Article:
140-character reference

Summary:You'd have thought there couldn't possibly be anything sufficiently complicated about typing 140-character messages to warrant writing a book about how to do it, but at least three people think you're wrong.Tim O'Reilly (http://twitter.

You'd have thought there couldn't possibly be anything sufficiently complicated about typing 140-character messages to warrant writing a book about how to do it, but at least three people think you're wrong.

Tim O'Reilly (http://twitter.com/timoreilly), doyen of O'Reilly Publishing, is in the select class of people on Twitter with over a million followers (nearly 1.35 million as of this writing, in fact). Much of his The Twitter Book, written with Sarah Milstein, reads as though it had been written to answer the big question of late 2008/early 2009: isn't this the most pointless technology the world has ever seen? In the last few months, Twitter has become so much a part of the mainstream landscape that people have largely stopped asking that. If 1995 was the year that web sites stopped being a geek playground and began showing up in TV advertising and printed on shop windows, then the last few months are when Twitter made that same transition.

The more valuable part of the book, which is printed in very large type with many screenshots, is the back section that's aimed at businesses. Even much of this advice is pretty basic: define your goals before you start, integrate Twitter into your other channels of communication, pick someone to be responsible. But when businesses make mistakes in full view of the public they look really stupid. And in Twitter's case, they don't get over it, since there's no function for deleting anything. So before you tell your marketing department to get on Twitter, it's not a bad idea to read up a bit on how to behave.

A broader approach to social media is taken by Guy Clapperton, who begins This Is Social Media by just mentioning — in that jokey English bloke sort of way — that he both blagged himself temporary use of a Jaguar and sold the idea for this book on Twitter. The rest aspires to be business advice. There's a chapter of introductions to a variety of different sites and services, most of them well-known: Bebo, Facebook, LinkedIn, Wikipedia, YouTube. After that, Clapperton covers how to get your social media interactions and web site seen via search engines, a guide to the text-creation side of writing a blog or web site, mobile connections (including mini-reviews of some popular smartphones), and incorporating social networking into a business plan — including how to choose the person to run your social networking activities.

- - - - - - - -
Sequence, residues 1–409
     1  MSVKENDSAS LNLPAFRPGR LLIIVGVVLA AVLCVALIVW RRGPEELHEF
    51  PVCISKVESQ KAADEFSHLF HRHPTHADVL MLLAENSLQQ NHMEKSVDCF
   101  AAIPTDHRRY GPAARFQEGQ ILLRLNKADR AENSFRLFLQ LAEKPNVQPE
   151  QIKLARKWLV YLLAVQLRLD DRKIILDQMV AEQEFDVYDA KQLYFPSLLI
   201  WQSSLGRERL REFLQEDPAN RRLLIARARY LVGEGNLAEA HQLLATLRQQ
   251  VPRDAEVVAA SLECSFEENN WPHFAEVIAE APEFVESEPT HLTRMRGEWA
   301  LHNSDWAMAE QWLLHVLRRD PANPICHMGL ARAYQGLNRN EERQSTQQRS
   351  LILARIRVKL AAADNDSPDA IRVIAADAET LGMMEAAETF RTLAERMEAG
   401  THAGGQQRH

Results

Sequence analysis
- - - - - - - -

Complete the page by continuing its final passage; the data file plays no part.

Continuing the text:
The style is extremely colloquial, which may annoy some people. There is no index, and the contents page is skeletal — mistakes O'Reilly did not make. Also, a note to Wiley: there is a reason most books are printed on white paper in black, rather than medium blue, type, and it's not just that there's some kind of prejudice against pretty colours. It's because it's easier to read that way.

To sum up: O'Reilly's book will let you look up what "#followfriday" means. Clapperton's book will give you a basic guide to the various ways of showing off your business online. Get it right, and you, too, can get a book contract via Twitter.

The Twitter Book: The Definitive Guide to the Planet's Most Useful and Effective Communications Channel By Tim O'Reilly and Sarah Milstein O'Reilly 240pp ISBN: 978-0-596-80281-3 £14.99

This Is Social Media: Tweet, Blog, Link and Post Your Way to Business Success By Guy Clapperton Capstone 180pp ISBN: 978-1-906-46570-4 £12.99

Wendy Grossman

Topics: Reviews

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